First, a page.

Friday, January 30, 2009

A Tale of Two Januarys

Last year, on January 10th, Alex Ovechkin signed a contract with Washington that would pay him $124 million over 13 years. How did he respond to the added pressure? He went 7-4-11, +5 in his next half dozen games, and the Caps went 4-2-0.

Henrik Zetterberg signed a 12-year, $73 million contract on Wednesday that will keep him in Detroit for a while. How did he respond to the added pressure? He sat out a 4-2 loss to Dallas as a precautionary measure after his back tightened up in the Red Wings' previous game, a 3-2 overtime loss to Columbus.

OK, that's unfair. Truth is, we wouldn't mind if Zetterberg took all the time he needed to get back to 100 percent...even if it means missing tomorrow's game.

Taking Care of Business

Last night the New Jersey Devils leapfrogged the Washington Capitals into second place in the Eastern Conference with a 4-3 overtime win against the Boston Bruins in Boston. It was the Devils’ seventh straight win and a 60-minute example of how a team that doesn’t jump off the page, statistically, has cobbled together such a successful year despite losing a hall-of-fame goaltender to injury. How have they done it?

First…special teams opportunities. Jamie Langenbrunner opened the scoring for the Devils at the 15:01 mark with a shorthanded goal. Typical. The Devils do not often find themselves in shorthanded situations (they have the ninth fewest man-down situations in the league), and when they do, they are a threat to score. Langenbrunner’s was the seventh shorthanded tally of the year for New Jersey (tied for fifth most in the league).

What the Devils are good at on special teams is not beating themselves; they've allowed only two SH goals against in 168 power play opportunities. And, as reflected in the Langenbrunner goal, they have a talent for beating the opposition. They have seven shorthanded goals of their own in 192 man-advanatge situtations. Their ratio of power play goals allowed-to-shorthanded goals scored of 4.86 is fifth best in the league (by way of comparison, Washington’s ratio of 10.00 is tied for 15th).

Second…penalty killing. The Devils are not an especially proficient penalty killing group. After last night’s game, they are 11th in the league at 82.3 percent. But, they’ve also allowed the eighth fewest number of power play goals, a product of having the ninth fewest number of power plays allowed. Compare those numbers to Washington – fourth highest in total power plays allowed, second highest number of power play goals allowed.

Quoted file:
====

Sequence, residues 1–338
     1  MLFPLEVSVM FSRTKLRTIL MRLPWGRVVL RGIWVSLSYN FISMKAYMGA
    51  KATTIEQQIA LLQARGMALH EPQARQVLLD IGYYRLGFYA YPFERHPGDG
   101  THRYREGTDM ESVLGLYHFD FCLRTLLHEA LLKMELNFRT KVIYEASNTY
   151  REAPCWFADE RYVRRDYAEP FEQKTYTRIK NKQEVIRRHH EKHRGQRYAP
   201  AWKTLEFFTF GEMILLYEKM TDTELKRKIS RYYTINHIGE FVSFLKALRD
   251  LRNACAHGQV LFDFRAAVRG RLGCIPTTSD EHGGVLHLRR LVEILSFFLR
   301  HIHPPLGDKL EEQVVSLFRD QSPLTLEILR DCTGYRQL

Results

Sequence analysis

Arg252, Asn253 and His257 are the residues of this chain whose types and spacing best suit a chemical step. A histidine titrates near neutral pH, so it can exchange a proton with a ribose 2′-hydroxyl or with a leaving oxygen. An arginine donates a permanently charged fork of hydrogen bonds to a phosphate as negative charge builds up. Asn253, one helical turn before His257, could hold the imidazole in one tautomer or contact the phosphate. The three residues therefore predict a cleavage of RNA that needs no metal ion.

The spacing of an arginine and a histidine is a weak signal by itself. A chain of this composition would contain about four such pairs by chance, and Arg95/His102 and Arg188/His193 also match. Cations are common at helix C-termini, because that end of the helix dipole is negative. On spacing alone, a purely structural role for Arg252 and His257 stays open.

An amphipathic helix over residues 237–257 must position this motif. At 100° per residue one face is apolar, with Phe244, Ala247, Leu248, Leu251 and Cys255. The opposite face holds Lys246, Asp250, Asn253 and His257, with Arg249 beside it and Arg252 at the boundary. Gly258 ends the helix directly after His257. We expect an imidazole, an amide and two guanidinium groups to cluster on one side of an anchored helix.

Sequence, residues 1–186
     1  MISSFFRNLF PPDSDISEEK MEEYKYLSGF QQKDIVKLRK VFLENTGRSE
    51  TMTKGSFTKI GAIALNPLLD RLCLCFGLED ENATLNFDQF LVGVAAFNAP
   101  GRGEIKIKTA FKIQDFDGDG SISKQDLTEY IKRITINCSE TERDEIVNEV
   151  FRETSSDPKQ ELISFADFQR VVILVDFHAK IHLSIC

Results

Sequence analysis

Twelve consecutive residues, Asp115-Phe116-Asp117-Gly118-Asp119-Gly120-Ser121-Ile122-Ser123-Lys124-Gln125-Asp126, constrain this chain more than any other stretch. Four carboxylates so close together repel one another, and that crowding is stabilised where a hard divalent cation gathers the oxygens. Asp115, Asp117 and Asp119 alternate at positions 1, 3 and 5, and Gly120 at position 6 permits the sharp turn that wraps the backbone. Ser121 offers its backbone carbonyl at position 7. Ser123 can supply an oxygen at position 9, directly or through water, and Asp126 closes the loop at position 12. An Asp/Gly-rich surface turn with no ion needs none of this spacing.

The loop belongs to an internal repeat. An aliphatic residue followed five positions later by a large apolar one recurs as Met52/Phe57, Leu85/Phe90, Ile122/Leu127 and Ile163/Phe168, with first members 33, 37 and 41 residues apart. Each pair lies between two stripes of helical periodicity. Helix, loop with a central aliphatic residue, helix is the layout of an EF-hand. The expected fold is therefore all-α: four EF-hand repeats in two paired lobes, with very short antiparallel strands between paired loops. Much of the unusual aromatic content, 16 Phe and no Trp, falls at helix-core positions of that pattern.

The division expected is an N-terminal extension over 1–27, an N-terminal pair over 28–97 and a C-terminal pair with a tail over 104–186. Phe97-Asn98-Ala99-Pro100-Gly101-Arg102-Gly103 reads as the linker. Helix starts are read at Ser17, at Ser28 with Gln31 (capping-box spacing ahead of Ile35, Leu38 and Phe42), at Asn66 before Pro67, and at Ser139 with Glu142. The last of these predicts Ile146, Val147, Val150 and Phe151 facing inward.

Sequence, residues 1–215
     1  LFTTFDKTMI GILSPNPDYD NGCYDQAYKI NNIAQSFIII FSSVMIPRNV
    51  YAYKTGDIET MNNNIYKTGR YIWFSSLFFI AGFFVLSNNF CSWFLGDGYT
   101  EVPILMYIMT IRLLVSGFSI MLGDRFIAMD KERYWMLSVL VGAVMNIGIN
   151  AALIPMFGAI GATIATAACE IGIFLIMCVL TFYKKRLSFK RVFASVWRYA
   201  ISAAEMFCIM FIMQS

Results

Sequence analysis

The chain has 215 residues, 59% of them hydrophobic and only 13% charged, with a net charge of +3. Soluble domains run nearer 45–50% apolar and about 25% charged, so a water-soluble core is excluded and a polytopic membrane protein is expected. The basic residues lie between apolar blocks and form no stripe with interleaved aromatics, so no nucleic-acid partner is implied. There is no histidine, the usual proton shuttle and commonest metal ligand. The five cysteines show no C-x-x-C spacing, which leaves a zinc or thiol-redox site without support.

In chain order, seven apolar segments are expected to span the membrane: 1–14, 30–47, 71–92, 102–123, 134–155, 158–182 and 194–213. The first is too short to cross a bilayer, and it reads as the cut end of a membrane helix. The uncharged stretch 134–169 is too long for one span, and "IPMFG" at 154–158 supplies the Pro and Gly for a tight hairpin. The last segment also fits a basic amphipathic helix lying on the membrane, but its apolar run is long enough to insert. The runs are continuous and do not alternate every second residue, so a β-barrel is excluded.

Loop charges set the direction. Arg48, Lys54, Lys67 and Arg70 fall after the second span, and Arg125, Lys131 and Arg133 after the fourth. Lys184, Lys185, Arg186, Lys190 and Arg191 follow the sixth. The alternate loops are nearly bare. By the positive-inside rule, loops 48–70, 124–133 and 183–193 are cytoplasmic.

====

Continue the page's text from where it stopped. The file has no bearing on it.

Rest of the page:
Third…finding ways to win. There is perhaps no better number to look at as evidence of a team’s ability to find ways to win than looking at its record in one-goal games. New Jersey won a 4-3 overtime game last night. It put their record at 14-4-3 in one-goal games this year, good for third in the league in winning percentage (Washington is 13-5-4, good for 10th in the league).

Fourth…early pressure. The Devils idea of “early pressure” is not a high-flying offense. It is a suffocating defense. No team in the NHL has allowed fewer first period goals than the Devils – 27 (Washington has allowed the 20th fewest – 43), and that has contributed to the Devils having the second best winning percentage in the league when scoring first – 25-3-2/.821 (the Caps are fourth: 21-4-2/.778).

If you look at that team's numbers on a measure by measure basis, you might wonder how they sit fourth in the league in points. But look at them collectively, and you find it is a team that doesn’t beat itself and is opportunistic to boot. The Devils are a team that takes care of business.

The Capitals have more skill than that team, but find themselves looking up at the Devils this morning. The silver lining for the home team in looking at the Devils’ example is, if the Caps can find a way to stop beating their heads against a wall by beating themselves so often (too many power plays allowed being the biggest problem), they might be the most difficult team in the East to beat come the spring.